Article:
In 2001 the Chinese government announced that the precise location of Shangrila-a place that previously had existed only in fiction-had been identified in Zhongdian County, Yunnan. Since then, Sino-Tibetan borderlands in Yunnan, Sichuan, Gansu, Qinghai, and the Tibet Autonomous Region have been the sites of numerous state projects of tourism development and nature conservation, which have in turn attracted throngs of backpackers, environmentalists, and entrepreneurs who seek to experience, protect, and profit from the region's landscapes.
Mapping Shangrila advances a view of landscapes as media of governance, representation, and resistance, examining how they are reshaping cultural economies, political ecologies of resource use, subjectivities, and interethnic relations. Chapters illuminate topics such as the role of Han and Tibetan literary representations of border landscapes in the formation of ethnic identities; the remaking of Chinese national geographic imaginaries through tourism in the Yading Nature Reserve; the role of The Nature Conservancy and other transnational environmental organizations in struggles over culture and environmental governance; the way in which matsutake mushroom and caterpillar fungus commodity chains are reshaping montane landscapes; and contestations over the changing roles of mountain deities and their mediums as both interact with increasingly intensive nature conservation and state-sponsored capitalism.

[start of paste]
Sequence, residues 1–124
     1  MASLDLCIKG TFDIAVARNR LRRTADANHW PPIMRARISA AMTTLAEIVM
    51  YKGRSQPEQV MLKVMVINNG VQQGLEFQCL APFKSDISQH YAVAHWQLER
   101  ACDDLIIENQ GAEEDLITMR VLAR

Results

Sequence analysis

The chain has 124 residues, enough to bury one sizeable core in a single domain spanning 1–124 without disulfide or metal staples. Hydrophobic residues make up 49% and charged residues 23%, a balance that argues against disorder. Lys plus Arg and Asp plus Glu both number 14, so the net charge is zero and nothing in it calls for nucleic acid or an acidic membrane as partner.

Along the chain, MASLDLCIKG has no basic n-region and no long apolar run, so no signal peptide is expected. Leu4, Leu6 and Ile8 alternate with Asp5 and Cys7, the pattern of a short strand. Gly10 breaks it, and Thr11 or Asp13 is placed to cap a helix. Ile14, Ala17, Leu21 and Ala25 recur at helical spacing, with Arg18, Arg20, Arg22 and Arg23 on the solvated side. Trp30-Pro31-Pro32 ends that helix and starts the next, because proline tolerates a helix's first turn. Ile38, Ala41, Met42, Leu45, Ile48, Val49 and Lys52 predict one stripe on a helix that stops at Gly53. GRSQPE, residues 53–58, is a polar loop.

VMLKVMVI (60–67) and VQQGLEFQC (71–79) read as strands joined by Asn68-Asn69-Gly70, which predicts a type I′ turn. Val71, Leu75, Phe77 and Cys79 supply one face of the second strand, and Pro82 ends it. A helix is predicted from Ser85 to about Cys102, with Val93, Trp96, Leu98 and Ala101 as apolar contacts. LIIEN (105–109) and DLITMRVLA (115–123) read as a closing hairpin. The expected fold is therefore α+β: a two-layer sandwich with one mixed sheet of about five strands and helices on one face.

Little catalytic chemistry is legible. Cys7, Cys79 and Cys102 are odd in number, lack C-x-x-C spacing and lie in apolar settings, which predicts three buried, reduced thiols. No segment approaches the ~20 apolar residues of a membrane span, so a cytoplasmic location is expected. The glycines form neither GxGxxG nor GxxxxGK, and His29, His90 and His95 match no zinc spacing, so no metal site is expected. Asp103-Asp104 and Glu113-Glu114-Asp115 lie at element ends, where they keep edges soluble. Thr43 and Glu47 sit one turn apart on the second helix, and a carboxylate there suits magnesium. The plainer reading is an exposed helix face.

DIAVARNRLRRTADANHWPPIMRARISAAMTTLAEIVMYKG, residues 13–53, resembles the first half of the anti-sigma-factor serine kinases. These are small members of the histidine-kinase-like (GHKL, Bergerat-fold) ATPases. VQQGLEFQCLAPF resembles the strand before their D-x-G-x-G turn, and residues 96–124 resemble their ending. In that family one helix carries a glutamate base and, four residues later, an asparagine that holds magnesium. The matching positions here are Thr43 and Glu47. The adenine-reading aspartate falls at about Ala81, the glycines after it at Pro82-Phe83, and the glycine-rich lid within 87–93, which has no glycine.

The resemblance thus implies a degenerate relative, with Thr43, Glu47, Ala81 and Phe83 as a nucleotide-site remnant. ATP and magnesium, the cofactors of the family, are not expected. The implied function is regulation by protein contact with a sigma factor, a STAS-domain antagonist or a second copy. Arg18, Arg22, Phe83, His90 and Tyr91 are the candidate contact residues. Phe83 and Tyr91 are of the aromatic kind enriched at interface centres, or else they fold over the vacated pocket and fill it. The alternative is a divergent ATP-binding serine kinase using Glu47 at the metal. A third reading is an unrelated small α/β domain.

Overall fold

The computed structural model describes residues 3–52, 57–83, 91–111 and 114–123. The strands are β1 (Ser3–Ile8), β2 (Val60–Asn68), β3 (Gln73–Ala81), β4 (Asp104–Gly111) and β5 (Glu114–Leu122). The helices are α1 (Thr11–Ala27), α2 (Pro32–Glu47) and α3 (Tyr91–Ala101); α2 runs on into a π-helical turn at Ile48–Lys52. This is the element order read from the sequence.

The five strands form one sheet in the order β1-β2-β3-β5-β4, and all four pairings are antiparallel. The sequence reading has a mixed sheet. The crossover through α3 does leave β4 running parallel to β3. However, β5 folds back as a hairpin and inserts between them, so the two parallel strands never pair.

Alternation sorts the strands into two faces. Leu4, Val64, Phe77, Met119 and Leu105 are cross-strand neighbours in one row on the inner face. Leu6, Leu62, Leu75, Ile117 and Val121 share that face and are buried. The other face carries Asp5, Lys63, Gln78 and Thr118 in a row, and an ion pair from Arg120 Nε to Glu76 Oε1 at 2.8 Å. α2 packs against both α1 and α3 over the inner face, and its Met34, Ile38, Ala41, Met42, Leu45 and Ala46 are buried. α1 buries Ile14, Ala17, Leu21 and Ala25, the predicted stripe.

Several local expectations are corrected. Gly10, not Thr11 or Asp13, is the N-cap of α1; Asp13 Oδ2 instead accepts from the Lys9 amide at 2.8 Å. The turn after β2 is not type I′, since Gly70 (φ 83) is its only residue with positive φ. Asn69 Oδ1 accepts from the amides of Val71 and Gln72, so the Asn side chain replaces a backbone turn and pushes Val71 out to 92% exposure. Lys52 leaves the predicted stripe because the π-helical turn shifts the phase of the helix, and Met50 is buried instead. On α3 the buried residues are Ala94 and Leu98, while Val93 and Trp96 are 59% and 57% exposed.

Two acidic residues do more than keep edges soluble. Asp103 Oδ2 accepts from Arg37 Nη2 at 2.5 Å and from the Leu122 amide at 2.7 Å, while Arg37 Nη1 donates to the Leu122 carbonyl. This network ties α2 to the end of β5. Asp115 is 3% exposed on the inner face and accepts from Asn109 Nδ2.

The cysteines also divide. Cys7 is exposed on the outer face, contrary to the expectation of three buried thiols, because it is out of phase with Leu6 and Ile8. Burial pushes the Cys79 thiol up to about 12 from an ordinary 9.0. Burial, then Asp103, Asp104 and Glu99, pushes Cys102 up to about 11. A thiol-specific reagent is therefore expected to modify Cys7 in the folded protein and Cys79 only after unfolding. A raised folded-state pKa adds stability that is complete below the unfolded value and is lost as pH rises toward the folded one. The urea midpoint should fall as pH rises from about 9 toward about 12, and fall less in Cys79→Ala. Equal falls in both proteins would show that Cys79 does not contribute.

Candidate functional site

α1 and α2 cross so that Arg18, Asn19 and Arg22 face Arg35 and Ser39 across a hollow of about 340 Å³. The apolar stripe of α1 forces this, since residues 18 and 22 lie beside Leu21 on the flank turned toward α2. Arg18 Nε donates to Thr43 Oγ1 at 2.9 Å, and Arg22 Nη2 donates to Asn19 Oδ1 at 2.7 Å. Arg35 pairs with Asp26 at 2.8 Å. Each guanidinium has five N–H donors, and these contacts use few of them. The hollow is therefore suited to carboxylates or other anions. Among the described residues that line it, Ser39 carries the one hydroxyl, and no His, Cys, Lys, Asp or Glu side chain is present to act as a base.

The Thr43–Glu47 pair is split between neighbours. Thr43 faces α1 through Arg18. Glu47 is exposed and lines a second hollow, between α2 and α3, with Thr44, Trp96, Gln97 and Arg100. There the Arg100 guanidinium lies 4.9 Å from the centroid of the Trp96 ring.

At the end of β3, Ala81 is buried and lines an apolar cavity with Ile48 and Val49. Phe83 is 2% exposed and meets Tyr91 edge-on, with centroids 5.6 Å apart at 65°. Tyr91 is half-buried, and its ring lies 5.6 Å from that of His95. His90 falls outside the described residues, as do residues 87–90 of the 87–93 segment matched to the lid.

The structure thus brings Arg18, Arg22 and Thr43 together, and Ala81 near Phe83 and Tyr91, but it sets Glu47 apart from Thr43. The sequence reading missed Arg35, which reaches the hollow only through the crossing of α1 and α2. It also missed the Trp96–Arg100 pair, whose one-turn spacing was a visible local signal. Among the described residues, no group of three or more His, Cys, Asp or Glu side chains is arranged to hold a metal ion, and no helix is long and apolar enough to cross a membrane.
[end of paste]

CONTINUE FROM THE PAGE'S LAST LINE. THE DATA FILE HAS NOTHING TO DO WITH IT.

Emily T. Yeh is associate professor of geography at the University of Colorado Boulder and the author of Taming Tibet. Chris Coggins is professor of geography and Asian studies at Bard College at Simon's Rock and the author of The Tiger and the Pangolin: Nature, Culture, and Conservation in China. Contributors include Michael Hathaway, Travis Klingberg, Charlene E. Makley, Bob Moseley, Renie Mullen, Michelle Olsgard Stewart, Chris Vasantkumar, Li-hua Ying, John Aloysius Zinda, and Gesang Zeren.
"This is an ambitious book that brings together a variety of experts on culture, politics, and the environment in the Sino-Tibetan borderlands. Mapping Shangrila links a variety of disciplinary perspectives and, via an eloquent introduction, deploys a complex analytical tool kit that marries recent political ecology literature with concepts of governmentality and biopower."
-Ben Hillman, Australian National University
"Mapping Shangrila makes a major contribution to scholarly understanding of the cultural, environmental, and political dynamics that are remaking the Tibetan borderlands in China. Centered on 'Shangrila' and Tibetan regions of China, the volume offers a unique and entirely new perspective."
-Janet Sturgeon, author of Border Landscapes